I will advocate for creating a technology advisory board, led by SPS technology director, to create a viable five year technology plan. In this plan, we can take full advantage of foundation grants and federal monies that are available to districts, like Suffolk, that desire to advance technology enhanced education. We need to make sure that the new technology that has been placed in our two newest schools makes its way into all our schools. We live in the Age of Technology and we owe it to all our students and teachers to have the benefits of these educational tools, not just the students and staff who are fortunate enough to be in these new schools in Northern Suffolk.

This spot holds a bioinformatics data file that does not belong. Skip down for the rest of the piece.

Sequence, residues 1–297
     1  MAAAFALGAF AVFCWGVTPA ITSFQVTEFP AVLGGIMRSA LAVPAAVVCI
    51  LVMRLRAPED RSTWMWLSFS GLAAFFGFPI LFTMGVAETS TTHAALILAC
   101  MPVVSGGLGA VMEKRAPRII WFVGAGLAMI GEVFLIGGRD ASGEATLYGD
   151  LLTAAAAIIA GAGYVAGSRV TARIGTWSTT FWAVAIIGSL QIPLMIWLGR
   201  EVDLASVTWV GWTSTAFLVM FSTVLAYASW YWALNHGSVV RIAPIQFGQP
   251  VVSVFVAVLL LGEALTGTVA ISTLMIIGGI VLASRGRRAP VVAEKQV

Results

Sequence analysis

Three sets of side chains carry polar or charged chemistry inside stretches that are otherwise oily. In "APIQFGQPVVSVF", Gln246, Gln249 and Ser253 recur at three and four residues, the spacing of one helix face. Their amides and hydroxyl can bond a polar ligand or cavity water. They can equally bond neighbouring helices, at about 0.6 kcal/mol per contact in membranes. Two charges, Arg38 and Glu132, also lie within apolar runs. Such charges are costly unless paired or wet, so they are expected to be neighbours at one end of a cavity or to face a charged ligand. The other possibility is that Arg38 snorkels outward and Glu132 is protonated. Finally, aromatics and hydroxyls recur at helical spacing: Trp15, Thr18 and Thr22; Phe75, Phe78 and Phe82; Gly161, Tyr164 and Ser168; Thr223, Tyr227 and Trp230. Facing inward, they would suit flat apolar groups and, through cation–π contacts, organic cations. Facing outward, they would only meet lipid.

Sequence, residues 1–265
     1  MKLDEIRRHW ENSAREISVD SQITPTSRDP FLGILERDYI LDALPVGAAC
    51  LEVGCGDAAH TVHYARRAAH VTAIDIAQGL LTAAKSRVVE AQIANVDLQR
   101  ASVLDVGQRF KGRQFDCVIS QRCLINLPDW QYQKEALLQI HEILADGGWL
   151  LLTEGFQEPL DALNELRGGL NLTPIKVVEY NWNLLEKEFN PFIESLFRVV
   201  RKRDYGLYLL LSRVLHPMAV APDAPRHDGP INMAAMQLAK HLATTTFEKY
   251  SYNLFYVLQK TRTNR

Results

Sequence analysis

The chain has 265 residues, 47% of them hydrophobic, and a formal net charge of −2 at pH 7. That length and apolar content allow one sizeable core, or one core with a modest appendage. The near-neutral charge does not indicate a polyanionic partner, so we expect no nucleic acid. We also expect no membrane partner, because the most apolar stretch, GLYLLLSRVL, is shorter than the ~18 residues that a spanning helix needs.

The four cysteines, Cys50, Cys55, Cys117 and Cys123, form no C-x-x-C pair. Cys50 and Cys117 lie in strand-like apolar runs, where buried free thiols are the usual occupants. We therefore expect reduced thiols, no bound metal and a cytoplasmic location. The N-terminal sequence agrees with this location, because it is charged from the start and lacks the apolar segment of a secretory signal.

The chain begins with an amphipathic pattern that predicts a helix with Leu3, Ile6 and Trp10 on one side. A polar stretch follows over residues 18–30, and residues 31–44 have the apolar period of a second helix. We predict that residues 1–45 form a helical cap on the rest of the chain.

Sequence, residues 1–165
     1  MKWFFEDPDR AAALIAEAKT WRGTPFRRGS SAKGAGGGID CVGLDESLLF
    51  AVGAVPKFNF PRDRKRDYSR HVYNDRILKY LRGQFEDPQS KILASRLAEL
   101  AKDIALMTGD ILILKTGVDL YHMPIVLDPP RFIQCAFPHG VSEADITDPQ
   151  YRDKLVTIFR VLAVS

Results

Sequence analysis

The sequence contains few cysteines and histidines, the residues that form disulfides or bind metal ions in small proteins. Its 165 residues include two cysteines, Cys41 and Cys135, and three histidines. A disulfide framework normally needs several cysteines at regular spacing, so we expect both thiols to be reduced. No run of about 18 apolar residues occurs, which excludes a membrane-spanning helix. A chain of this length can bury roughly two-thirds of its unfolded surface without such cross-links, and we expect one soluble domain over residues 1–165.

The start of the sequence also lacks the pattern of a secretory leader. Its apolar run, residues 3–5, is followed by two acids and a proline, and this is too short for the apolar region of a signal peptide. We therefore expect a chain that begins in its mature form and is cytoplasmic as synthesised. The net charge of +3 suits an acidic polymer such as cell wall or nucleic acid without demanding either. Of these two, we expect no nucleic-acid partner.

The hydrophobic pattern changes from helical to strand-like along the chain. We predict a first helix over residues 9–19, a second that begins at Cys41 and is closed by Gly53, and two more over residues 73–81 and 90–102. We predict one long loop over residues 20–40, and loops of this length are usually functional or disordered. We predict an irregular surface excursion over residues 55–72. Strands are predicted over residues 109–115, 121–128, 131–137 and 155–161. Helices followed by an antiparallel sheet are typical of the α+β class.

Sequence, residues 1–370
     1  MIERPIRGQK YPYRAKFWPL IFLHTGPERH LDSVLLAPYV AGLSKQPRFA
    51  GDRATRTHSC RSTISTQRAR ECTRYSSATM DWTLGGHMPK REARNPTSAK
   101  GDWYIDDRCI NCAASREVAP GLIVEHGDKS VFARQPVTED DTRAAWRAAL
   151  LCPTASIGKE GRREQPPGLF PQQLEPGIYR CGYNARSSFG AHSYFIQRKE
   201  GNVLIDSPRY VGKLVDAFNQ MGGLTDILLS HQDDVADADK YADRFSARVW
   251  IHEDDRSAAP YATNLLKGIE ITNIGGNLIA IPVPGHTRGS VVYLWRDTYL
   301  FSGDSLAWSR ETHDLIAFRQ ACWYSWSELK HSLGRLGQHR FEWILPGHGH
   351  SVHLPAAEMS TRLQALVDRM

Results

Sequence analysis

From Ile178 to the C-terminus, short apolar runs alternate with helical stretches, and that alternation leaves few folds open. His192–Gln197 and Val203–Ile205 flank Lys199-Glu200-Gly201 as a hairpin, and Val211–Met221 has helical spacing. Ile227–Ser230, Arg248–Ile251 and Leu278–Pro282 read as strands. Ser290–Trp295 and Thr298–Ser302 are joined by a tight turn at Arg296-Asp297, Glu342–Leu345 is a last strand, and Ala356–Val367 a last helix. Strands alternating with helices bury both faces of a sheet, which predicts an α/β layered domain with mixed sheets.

From my experience over the twelve years at Kings Fork High School, many of the various changes in technology were ‘thrust’ upon us with little awareness that they were coming, with no training for their use, and certainly too late to make any changes if the technology was inappropriate for our curriculum needs. Some technology just disappeared without notice. One day it was there, one day it wasn’t. Recently, major changes in record-keeping software just appeared as a ‘surprise’ at the beginning of the school year with no training for teachers in its use. These inconsiderate practices must be addressed if we are to retain teachers and improve the reputation of working in SPS.

4. What are the most challenging aspects of being a teacher in your community? How would you support your teachers through these challenges?